The solution to managing the number of adjacencies and the flooding of LSAs on a multiaccess network is the DR. On multiaccess networks, OSPF elects a DR to be the collection and distribution point for LSAs sent and received. A BDR is also elected in case the DR fails. The BDR listens passively to this exchange and maintains a relationship with all the routers. If the DR stops producing Hello packets, the BDR promotes itself and assumes the role of DR.

All other non-DR or BDR routers become DROTHER (a router that is neither the DR nor the BDR).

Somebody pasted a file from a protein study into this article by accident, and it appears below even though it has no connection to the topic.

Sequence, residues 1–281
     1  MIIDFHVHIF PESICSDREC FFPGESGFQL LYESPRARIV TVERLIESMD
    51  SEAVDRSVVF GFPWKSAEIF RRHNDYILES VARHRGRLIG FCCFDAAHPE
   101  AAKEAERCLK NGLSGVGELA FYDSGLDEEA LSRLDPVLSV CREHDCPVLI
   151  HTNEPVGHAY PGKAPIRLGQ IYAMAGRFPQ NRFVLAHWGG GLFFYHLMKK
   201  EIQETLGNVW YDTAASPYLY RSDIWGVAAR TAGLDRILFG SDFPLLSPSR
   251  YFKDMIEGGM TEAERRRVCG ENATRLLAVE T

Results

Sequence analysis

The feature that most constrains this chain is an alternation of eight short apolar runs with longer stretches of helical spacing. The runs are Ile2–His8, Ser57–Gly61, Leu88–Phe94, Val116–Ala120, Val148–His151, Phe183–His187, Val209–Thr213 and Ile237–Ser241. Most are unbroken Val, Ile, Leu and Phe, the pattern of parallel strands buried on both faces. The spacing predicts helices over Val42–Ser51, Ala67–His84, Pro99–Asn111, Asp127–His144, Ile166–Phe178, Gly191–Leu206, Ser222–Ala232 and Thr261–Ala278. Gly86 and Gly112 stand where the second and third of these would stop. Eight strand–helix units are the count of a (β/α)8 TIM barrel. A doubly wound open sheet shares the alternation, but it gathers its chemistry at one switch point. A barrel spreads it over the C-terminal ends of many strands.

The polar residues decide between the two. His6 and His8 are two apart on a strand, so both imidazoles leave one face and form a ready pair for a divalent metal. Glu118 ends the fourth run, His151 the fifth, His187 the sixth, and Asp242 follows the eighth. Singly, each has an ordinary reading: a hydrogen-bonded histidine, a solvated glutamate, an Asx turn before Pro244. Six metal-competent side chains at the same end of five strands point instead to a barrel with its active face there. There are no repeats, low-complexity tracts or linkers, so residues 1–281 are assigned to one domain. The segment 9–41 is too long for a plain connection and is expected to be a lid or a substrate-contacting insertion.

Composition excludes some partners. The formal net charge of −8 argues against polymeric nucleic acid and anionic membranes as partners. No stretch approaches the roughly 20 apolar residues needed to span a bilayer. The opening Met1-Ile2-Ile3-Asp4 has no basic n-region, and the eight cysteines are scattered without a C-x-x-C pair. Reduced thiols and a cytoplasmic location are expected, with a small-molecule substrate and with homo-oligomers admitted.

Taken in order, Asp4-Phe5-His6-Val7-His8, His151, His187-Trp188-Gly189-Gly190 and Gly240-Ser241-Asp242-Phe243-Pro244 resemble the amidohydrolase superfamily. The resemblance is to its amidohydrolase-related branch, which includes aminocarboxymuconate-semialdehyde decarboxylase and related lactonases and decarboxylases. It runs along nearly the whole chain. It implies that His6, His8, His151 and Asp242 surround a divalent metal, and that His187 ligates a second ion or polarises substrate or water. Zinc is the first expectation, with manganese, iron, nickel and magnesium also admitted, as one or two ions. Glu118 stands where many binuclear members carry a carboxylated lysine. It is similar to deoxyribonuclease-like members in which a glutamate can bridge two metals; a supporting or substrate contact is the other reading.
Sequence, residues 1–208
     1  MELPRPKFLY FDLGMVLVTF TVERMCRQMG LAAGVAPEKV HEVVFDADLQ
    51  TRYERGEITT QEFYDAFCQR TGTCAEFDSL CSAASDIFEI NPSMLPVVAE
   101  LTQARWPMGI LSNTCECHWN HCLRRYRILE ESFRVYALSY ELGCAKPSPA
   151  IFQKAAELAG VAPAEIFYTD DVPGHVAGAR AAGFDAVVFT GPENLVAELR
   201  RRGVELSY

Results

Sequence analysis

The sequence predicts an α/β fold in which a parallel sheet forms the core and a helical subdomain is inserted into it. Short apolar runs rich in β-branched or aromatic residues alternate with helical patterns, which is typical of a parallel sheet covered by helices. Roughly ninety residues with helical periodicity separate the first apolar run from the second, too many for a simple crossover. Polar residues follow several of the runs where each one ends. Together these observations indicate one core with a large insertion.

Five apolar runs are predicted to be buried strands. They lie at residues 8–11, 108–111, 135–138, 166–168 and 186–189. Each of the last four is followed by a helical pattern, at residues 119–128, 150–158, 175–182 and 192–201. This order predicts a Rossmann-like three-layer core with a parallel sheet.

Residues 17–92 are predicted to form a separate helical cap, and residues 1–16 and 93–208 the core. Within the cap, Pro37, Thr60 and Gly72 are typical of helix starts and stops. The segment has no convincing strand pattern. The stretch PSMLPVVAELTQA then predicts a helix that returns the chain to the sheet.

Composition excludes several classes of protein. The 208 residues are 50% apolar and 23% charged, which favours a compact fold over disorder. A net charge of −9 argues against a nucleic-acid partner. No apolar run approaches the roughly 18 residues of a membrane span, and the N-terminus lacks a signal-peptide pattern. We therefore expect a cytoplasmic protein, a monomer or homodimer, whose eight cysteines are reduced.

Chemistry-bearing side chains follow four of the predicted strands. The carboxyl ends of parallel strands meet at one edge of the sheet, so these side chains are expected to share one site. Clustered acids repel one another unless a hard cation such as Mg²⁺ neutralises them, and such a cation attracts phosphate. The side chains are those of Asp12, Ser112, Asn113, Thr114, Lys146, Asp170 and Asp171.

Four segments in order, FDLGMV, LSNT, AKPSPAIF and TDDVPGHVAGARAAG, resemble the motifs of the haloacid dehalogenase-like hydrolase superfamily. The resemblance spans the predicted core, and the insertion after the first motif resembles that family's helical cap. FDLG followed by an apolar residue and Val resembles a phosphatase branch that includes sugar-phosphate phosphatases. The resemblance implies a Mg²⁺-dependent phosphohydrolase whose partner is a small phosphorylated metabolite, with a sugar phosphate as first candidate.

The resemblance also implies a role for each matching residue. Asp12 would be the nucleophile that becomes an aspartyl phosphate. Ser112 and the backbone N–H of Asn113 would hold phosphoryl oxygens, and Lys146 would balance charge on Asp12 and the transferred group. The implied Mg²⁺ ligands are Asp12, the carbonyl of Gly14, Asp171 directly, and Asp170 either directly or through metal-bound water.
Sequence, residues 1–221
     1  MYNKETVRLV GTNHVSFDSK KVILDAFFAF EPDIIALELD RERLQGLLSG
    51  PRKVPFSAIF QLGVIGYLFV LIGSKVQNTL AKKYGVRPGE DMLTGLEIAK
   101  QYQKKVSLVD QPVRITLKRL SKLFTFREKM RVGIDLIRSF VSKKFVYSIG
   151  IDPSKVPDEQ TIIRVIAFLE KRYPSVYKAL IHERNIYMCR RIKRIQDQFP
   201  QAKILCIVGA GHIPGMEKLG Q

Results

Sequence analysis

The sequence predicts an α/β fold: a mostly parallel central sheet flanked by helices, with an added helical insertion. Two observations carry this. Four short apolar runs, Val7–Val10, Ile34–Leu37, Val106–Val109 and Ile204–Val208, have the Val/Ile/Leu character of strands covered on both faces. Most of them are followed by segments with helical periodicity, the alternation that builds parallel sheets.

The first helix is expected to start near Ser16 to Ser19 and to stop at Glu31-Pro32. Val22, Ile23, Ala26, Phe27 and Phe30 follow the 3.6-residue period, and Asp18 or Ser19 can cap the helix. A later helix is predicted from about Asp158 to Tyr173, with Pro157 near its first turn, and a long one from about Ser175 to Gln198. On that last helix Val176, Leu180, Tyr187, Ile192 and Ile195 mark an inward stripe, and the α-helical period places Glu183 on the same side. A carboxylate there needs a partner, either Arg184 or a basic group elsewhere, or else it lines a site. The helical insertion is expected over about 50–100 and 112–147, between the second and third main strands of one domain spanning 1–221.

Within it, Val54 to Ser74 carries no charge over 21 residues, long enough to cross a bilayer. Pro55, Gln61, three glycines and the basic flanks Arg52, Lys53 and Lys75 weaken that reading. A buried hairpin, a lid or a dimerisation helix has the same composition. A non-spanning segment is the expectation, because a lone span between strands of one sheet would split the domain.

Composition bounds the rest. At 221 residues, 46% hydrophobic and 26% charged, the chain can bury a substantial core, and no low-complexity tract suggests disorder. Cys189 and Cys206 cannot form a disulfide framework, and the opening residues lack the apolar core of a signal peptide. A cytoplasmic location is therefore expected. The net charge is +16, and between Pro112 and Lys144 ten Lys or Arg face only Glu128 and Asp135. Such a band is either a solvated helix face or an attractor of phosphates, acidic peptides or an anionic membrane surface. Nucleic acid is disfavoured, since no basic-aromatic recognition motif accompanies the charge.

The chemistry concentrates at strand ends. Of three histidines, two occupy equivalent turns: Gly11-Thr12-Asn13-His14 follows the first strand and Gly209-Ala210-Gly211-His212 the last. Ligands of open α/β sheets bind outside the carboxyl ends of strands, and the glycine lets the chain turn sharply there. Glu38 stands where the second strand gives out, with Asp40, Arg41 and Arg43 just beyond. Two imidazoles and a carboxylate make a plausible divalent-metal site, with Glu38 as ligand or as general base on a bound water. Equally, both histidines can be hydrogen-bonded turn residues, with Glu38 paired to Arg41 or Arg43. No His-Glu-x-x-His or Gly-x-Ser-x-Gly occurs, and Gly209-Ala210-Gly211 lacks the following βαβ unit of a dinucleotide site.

In Figure 1, R1 has been elected as the designated router for the Ethernet LAN interconnecting R2, R3, and R4. Notice how the number of adjacencies has been reduced to 3.

Routers on a multiaccess network elect a DR and BDR. DROTHERs only form full adjacencies with the DR and BDR in the network. Instead of flooding LSAs to all routers in the network, DROTHERs only send their LSAs to the DR and BDR using the multicast address (all DR routers).

Click the Play button in Figure 2 to see the animation of the role of DR. In the animation, R1 sends LSAs to the DR. The BDR also listens. The DR is responsible for forwarding the LSAs from R1 to all other routers. The DR uses the multicast address (all OSPF routers). The end result is that there is only one router doing all of the flooding of all LSAs in the multiaccess network.

Note: DR/BDR elections only occur in multiaccess networks and do not occur in point-to-point networks.